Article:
The finale of the gala performance-style series is set to feature Jordan James Bridge’s Heisei 9
There’s an irrepressible energy about Jordan James Bridge that typifies the atmosphere around Ballet Nights.
It’s an excitement, a genuine thrill at the prospect of the next performance, the work that will be showcased and the moves unveiled.
For those who don’t know, Ballet Nights is a platform for professional dancers to present pieces in the intimate, eye-level setting of Lanterns Studio Theatre on the Isle Of Dogs near South Quay DLR.
Conceived and compared by Jamiel Devernay-Laurence – formerly of Scottish Ballet – it kicked off its run with two dates in September and another two in October.
Its 2023 season will conclude with performances of its third programme on November 24-25, 2023, and that’s where Jordan comes in.
Having danced himself in the first programme, his work as a choreographer featured in the second and is set for a repeat showing on the forthcoming dates.
“The piece I’ve created is called Heisei 9, which is 1997 in Japanese,” said Jordan.
“The roleplaying computer game Final Fantasy VII – which was released that year – was very much my childhood and it had music composed by Nobuo Uematsu.
“There’s an amazing battle theme in the game called Those Who Fight, so we have pianist Viktor Erik Emanuel playing it live on stage and I created a solo for prima ballerina, Constance Devernay-Laurence, to perform.
“It’s en pointe and is super agile, swift, athletic and exciting.
“There’s also an amazing, original costume by Stevie Stewart – Constance wears this beautiful catsuit.
“While I created this piece as a solo, I love the connection between musician and dancer on the stage, so in my mind it’s really a duet.
“It’s technically very difficult for Constance and Victor. It’s three minutes, but there’s a lot packed in there.
“There’s kind of a competitive element with them both in the space and the lighting divides the stage quite well.
“It’s also very playful and I wanted to bring that out, because it’s very nostalgic for me. I spent a lot of time playing the game.
“There are not many choreographers who would even touch gaming, but the music was written to be played live.
“People coming to Ballet Nights might be expecting to hear classical pieces, but I believe they will enjoy this just as much as the more familiar music on the programme.”
Having trained at the London Contemporary Dance School, Jordan went on to join Alexander Whitley Dance Company, then Michael Clark Company.
Today, his main gig is as a dancer for Company Wayne McGregor based at Here East in Stratford.
It’s a career that all started with an excitable childhood.
“My mum always told me that, when I was with friends in the garden or on the street, everyone else would be doing roly-poly and I’d already be doing handstands,” said Jordan.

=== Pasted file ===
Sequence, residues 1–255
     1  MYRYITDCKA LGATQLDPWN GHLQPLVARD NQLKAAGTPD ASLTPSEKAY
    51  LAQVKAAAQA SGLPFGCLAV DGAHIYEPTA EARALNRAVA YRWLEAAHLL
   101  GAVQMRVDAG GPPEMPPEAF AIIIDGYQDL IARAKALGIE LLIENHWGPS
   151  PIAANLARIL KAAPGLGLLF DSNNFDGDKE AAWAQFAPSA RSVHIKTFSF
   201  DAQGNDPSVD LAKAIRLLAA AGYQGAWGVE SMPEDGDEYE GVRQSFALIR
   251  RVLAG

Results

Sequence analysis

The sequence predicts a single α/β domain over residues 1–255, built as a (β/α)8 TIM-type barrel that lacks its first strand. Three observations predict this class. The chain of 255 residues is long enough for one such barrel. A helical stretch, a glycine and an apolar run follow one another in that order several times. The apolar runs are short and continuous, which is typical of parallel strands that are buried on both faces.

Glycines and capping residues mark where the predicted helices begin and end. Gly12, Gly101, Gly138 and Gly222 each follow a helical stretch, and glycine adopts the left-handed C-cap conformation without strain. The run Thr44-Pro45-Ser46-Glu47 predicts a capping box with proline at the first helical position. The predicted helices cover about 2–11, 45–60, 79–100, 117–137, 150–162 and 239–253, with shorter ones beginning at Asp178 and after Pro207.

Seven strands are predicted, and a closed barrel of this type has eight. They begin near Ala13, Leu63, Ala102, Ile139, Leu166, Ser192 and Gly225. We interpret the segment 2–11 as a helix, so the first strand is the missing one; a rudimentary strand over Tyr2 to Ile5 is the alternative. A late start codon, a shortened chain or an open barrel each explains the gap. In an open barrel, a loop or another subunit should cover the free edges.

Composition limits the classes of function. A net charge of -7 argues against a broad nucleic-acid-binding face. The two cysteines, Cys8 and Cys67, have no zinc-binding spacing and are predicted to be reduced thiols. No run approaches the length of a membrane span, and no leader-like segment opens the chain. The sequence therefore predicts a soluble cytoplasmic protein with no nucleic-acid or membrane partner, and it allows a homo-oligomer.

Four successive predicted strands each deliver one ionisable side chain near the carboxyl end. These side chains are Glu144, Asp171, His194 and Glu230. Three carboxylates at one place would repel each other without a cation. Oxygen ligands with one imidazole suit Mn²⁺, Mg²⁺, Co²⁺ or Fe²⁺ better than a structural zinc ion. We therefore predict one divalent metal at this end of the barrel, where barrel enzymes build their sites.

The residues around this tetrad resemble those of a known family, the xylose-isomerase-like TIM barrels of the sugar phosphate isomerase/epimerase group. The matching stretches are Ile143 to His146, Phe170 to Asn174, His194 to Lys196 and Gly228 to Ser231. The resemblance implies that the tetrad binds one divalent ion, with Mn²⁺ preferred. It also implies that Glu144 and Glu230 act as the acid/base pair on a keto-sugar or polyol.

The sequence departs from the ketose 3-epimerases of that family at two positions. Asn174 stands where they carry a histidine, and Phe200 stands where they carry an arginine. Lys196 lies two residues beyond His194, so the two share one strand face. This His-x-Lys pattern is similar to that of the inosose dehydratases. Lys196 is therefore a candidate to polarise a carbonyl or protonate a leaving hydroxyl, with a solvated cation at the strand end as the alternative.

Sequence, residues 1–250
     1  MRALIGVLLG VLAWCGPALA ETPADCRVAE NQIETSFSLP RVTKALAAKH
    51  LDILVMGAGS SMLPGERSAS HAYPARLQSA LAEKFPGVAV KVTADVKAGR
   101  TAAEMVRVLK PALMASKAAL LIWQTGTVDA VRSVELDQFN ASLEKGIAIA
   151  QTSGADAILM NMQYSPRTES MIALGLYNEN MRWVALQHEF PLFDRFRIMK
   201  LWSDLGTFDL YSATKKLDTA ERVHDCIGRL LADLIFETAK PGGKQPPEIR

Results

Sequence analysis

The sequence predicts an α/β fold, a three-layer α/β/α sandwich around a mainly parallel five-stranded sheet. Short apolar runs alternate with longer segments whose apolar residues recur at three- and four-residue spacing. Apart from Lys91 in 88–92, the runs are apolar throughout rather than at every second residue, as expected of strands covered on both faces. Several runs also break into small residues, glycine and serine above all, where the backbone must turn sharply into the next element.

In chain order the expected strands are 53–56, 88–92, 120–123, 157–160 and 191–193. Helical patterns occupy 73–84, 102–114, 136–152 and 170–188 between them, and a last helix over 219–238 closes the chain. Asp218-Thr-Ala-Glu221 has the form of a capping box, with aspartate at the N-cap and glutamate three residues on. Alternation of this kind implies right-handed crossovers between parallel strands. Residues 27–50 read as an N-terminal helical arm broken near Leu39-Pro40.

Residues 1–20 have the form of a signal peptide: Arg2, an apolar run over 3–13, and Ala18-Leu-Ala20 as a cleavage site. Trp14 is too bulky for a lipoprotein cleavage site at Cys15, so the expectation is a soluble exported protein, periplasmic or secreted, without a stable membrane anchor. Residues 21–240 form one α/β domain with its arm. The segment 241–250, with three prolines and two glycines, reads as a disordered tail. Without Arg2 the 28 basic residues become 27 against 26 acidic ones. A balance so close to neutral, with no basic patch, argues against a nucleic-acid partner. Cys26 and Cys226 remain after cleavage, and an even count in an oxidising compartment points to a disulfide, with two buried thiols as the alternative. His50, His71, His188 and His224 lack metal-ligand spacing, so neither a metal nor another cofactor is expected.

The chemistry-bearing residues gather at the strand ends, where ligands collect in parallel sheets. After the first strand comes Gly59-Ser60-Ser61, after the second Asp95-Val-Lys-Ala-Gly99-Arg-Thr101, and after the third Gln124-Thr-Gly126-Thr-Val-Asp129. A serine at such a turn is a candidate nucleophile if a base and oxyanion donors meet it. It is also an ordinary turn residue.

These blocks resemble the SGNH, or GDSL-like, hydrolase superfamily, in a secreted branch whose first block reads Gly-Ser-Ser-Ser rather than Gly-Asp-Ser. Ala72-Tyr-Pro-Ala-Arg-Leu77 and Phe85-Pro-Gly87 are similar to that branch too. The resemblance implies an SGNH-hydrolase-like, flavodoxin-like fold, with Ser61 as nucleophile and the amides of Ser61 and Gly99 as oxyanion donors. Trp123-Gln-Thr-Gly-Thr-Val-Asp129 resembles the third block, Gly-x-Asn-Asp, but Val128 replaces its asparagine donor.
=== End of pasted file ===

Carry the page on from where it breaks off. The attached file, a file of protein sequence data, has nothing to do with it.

“When they were doing cartwheels, I’d be doing front flips. I found dance at secondary school through Keeley Slack, my dance teacher.
“All the boys had two lessons in dance, to see if they enjoyed it, and I did. I was in the studio because I wanted to be there – there was no Instagram.
“I’ve always known that I wanted to create and choreograph as well as dance.
“When I was 16 I had my own small dance company called Imperial Feet.
“I enjoyed the idea of a collective getting together, and I just wanted to make dance – that’s where my brain is going right now too. I’ve been doing this for years.
“I’ve created multiple dance films, some award-winning, and I really enjoy doing dance for the screen.
“Time constraints mean it’s more difficult for the stage, but I definitely see myself going there more in the future.
“It’s so important to have Ballet Nights because this sort of gala event for dance doesn’t really happen in the UK.
“In Europe there are similar shows in the summer, but not here.
“The best thing is that at Lanterns, the dancers are only two or three metres away from the audience.
“You can hear their breath and really feel the energy radiate from them – there’s no shying away from the physicality of dance or trying to hide it.
“You see that dance is really hard work, but the performers look exquisite.
“As a performer you can see the audience and that makes it really intimate.
“There’s an element of nerves which comes from that, of course, but it’s also super exciting and challenging.”
Ballet Nights’ final shows of 2023 will also include duets from Sangeun Lee and Gareth Haw plus Katja Khaniukova and Aitor Arrieta – all of the English National Ballet.
Solo performers will include Ivana Bueno, also of the English National Ballet, Yasser D’Oquendo of Acosta Danza and Laurel Dalley Smith of the Martha Graham Dance Company.
Doors open on November 24 and 25, 2023, at 6.15pm with the shows starting at 7.30pm.
Tickets start at £65. Programmes are expected to return on a monthly basis next year.
- Jon Massey is co-founder and editorial director of Wharf Life and writes about a wide range of subjects in Canary Wharf, Docklands and east London - contact via email@example.com